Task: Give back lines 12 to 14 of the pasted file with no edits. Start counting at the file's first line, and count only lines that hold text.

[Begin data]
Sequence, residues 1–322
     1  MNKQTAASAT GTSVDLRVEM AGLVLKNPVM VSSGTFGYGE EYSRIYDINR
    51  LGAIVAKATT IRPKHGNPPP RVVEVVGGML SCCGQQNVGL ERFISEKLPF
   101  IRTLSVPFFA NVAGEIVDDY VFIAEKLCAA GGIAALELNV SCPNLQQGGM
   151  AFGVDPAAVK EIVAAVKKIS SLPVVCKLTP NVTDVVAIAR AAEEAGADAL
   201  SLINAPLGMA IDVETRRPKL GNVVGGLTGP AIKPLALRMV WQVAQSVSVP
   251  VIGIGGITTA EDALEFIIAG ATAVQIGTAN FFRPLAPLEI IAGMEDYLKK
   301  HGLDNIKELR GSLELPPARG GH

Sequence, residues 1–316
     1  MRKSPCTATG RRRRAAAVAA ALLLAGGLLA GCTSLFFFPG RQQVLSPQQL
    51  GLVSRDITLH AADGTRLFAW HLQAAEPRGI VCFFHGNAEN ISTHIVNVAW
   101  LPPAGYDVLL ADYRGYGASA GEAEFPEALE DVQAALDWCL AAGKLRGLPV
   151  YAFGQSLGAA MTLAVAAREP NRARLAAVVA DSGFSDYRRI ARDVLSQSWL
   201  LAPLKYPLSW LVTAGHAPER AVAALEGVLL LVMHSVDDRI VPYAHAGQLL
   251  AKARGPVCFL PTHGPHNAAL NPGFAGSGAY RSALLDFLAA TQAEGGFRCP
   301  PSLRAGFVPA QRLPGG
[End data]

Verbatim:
   101  LPPAGYDVLL ADYRGYGASA GEAEFPEALE DVQAALDWCL AAGKLRGLPV
   151  YAFGQSLGAA MTLAVAAREP NRARLAAVVA DSGFSDYRRI ARDVLSQSWL
   201  LAPLKYPLSW LVTAGHAPER AVAALEGVLL LVMHSVDDRI VPYAHAGQLL